S. M. Kimathi*, O. I. Ayuya and B. Mutai
1Department of Agricultural Economics and Agribusiness Management,
Egerton University 2Department of Agricultural Economics and Agribusiness Management, Egerton University
*Corresponding Author: email@example.com
The impact of climate change on natural resources has necessitated the need to adapt potato farming to increase farmers’ resilience against climate change in Sub-Saharan Africa (SSA). Production of Potato (Solanum tuberosum. L) has been declining over the years in SSA due to climate change and variability. This has resulted to low food supply and low income among smallholder farmers exacerbating levels of food and nutrition insecurity, and poverty. For instance, in 2017, International Potato Center reported a tremendous reduction in potato yields by 56% due to reduced rainfall. The study used data from 384 randomly selected potato farmers from Meru County through field survey. Statistical analysis such as chi-square and t-tests were used. Out of 384 households, 135 were female-headed. The coping practices considered include; adoption of climate resilient potato varieties, crop rotation, irrigation, intercropping, soil conservation, increased use of pesticides and use of organic fertilizers. Climate resilient varieties have the potential of increasing farmers’ resilience to climate change due to their desirable attributes of high yield, early maturity and resistance. The results showed that there was a significant difference between male and female headed households in terms of adoption of resilient varieties with males having an adoption level of 58.34% higher than the females who were constrained in terms of accessibility to resources such as land, information, seed, capital and collateral to secure credit. From the results above, there is need for government and non-governmental stakeholders to deploy extension officers in the area to ensure farmers are informed on climate change adaptation strategies such as improved varieties and are enabled to adopt them through proper dissemination and creation of strong seed systems. More so, collective action among female farmers should be encouraged to reap benefits of social networks and form a strong collateral base for credit.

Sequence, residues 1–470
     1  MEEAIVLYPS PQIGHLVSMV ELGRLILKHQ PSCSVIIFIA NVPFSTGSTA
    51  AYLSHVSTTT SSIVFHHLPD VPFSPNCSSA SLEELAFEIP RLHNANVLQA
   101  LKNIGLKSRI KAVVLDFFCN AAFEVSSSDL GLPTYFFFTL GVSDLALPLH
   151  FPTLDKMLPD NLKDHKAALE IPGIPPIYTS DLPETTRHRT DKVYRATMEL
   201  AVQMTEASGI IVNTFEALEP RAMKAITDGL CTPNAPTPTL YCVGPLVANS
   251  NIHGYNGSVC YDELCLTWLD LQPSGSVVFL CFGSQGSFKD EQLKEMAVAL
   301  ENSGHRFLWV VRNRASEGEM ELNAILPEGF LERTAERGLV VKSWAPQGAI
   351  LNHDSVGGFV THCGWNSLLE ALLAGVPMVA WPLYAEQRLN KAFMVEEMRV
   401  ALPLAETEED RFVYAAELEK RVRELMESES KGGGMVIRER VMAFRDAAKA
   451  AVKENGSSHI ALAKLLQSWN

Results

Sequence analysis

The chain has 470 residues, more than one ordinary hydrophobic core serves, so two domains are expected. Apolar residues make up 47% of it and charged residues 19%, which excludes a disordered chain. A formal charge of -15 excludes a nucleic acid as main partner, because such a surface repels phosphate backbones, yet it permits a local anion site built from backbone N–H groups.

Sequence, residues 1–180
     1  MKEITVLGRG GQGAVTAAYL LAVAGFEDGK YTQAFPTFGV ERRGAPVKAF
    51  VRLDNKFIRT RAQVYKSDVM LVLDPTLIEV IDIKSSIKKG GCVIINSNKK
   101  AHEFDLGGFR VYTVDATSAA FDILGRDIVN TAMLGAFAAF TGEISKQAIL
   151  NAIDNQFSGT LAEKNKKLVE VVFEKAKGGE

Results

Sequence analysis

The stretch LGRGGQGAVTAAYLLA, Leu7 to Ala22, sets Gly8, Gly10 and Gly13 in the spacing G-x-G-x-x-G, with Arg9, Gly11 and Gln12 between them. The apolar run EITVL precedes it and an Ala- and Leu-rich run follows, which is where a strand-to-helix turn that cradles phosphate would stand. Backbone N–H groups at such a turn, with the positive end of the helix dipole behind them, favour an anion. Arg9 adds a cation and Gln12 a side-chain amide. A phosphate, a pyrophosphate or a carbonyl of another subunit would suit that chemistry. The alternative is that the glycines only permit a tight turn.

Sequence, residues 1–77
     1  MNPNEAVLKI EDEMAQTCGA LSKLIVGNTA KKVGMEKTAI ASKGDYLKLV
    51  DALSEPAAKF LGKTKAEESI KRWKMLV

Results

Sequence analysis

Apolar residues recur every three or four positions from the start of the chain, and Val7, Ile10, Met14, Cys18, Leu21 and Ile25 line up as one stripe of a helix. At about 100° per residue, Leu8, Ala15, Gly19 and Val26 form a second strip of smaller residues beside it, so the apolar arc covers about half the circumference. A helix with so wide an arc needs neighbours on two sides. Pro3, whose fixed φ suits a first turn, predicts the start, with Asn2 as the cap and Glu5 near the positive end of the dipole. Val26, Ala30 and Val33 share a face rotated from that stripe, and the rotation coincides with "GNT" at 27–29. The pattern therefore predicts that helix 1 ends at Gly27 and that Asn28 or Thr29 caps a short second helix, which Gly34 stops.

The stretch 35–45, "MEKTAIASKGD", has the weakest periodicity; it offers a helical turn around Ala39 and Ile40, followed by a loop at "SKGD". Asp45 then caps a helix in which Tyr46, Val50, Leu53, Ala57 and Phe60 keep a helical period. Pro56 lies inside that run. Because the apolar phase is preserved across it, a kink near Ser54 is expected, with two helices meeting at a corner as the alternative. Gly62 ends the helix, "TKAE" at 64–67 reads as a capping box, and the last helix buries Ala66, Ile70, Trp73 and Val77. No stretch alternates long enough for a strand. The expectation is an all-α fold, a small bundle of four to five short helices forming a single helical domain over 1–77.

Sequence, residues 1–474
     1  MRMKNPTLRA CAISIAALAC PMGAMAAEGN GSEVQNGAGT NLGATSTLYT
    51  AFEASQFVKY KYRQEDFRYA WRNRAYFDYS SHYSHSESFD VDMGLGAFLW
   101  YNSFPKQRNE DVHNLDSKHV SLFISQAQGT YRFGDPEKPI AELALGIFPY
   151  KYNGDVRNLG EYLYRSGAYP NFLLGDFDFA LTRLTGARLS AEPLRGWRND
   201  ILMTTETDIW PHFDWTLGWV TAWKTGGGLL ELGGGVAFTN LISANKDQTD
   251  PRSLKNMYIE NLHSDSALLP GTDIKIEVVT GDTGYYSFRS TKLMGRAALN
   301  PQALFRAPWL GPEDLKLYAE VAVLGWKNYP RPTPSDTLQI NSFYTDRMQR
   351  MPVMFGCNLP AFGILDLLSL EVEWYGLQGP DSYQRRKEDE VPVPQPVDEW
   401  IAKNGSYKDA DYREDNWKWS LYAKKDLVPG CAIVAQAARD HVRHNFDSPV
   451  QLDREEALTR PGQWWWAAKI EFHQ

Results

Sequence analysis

Keywords: Adaptation, climate change, female farmers, potatoes.